“Admirable” is another word that has lost some of its force of meaning over the years. When we think of someone admirable, we might consider that person a good example, a role-model, someone we look up to and try to imitate. Jesus is certainly all of those, but if we look at the older meaning of the word, we, again, get a broader picture. In its foundational sense, something that is admirable is awe-inspiring, marvelous, amazing, truly wonderful, as in jaw-dropping, delightful beauty. Now that’s Jesus!

Jesus, mighty God, have mercy on us.

Our modern world tends to downplay Jesus’ divinity. It’s easier, after all, to see Jesus as a good man or a wise teacher or some kind of guru. That makes fewer demands on us. It lets us off the hook.  

But it simply isn’t true. Jesus is fully human, but He is also fully God, completely and totally divine. And because He is God, Jesus is omnipotent, all-powerful. Yet He uses that power to love us more than we can even imagine.

Saturday, January 27, 2024

The Litany Project: Litany of the Holy Name of Jesus, Part 4

Jesus, King of glory, have mercy on us.

Jesus, fully God and fully man, is the true King of the universe. His Father has given Him dominion over all peoples and all things, over the entire cosmos, and Jesus rules at His Father’s right hand in the kingdom of Heaven, in the brightness of divine glory. 

But do we allow Jesus to be King over our lives? Do we surrender to Him as our sovereign? Do we let Him governor us and obediently submit? Or do we rebel? It is important to remember, especially for people who are not especially familiar with or favorable toward a monarchy, that Jesus’ reign is not like those of human kings and queens. Jesus’ rule is perfect. He knows exactly what we need and exactly what is best for us at all times, and when He commands us to do or not do something, it is only and always for our own good. Only our stubborn minds and hearts prevent us from seeing that and embracing our King’s loving will.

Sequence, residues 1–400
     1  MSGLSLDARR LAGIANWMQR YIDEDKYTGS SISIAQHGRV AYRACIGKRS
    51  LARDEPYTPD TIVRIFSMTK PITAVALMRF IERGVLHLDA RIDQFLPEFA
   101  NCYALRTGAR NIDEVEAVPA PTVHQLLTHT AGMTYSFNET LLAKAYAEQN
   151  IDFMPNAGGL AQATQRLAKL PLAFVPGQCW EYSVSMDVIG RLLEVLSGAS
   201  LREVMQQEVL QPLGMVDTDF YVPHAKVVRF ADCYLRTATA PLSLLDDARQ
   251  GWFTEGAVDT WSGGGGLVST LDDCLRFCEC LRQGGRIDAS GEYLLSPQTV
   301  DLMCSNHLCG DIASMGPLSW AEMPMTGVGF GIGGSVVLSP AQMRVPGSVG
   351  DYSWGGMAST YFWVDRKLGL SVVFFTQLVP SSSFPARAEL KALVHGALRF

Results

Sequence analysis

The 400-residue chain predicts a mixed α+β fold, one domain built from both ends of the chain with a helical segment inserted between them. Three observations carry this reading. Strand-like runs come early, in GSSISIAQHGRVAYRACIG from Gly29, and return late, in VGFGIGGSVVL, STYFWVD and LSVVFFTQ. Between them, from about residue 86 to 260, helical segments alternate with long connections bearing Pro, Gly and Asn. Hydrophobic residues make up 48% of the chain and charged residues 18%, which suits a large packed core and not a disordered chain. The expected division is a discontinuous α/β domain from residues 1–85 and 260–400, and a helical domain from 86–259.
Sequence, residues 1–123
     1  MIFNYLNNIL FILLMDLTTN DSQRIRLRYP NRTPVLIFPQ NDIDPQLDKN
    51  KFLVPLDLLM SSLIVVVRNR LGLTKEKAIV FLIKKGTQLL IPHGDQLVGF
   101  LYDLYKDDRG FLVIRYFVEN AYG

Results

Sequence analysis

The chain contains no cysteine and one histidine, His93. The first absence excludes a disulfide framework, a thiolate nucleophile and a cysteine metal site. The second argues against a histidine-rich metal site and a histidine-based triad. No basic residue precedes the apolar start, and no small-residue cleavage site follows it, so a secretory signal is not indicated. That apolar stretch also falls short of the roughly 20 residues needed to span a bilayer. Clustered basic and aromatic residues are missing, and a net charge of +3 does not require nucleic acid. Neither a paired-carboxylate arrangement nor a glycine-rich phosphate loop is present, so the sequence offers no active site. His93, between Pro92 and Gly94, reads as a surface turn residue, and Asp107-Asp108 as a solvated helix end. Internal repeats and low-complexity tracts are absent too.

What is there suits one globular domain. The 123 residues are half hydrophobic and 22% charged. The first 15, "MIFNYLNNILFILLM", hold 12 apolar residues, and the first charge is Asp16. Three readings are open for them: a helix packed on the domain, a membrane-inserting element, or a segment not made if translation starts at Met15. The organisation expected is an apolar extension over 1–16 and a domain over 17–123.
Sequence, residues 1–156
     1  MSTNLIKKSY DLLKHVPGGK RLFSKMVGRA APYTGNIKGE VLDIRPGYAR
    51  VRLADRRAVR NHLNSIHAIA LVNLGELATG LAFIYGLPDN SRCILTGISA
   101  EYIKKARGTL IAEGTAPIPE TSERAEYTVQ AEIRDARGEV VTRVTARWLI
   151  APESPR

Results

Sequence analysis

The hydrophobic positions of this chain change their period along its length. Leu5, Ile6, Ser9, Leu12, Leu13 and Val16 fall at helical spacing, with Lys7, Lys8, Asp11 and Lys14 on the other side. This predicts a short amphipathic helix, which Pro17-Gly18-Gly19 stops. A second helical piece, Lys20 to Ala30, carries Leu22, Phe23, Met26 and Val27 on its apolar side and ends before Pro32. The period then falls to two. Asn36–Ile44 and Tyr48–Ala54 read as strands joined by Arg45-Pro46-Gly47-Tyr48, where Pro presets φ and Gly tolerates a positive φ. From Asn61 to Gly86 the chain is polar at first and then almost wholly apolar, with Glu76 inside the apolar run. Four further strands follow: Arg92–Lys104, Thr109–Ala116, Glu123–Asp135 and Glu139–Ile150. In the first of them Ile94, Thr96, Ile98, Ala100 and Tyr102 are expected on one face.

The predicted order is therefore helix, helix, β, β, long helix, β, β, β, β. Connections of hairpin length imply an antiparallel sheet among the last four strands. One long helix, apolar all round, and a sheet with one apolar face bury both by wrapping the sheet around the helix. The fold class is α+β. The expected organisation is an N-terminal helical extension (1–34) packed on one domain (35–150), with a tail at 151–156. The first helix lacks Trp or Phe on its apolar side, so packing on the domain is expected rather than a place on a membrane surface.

Jesus, sun of justice, have mercy on us.

This petition associates justice with the light of the sun. We, on the other hand, might think of justice as something harsh and demanding. We who are sinners may be afraid of the idea of justice because, quite justly, we deserve punishment.

Yet Jesus is the sun of justice, the bright, shining warmth of perfect justice, which, in God, is always balanced by perfect mercy. How this can be is a mystery to us, but Jesus is perfectly just in His mercy and perfectly merciful in His justice. 

Jesus, Son of the Virgin Mary, have mercy on us.

Here we remember that Jesus is fully human, that He is the son of a human mother who was beautifully prepared to miraculously conceive her Son. Our Lady was conceived without sin, perfectly imbued with God’s indwelling presence from the moment of her conception. She herself conceived by the power of the Holy Spirit and gave birth to Jesus Christ, truly Son of God and truly Son of the Virgin Mary.

Saturday, January 20, 2024

The Litany Project: Litany of the Holy Name of Jesus, Part 3

Jesus, Son of the living God, have mercy on us.

Jesus is the Son of God, the Second Person of the Blessed Trinity, begotten by the Father from all eternity. This Divine Son took on our humanity in the Incarnation and became like us in all things except sin, yet He did not cease to be truly and completely God.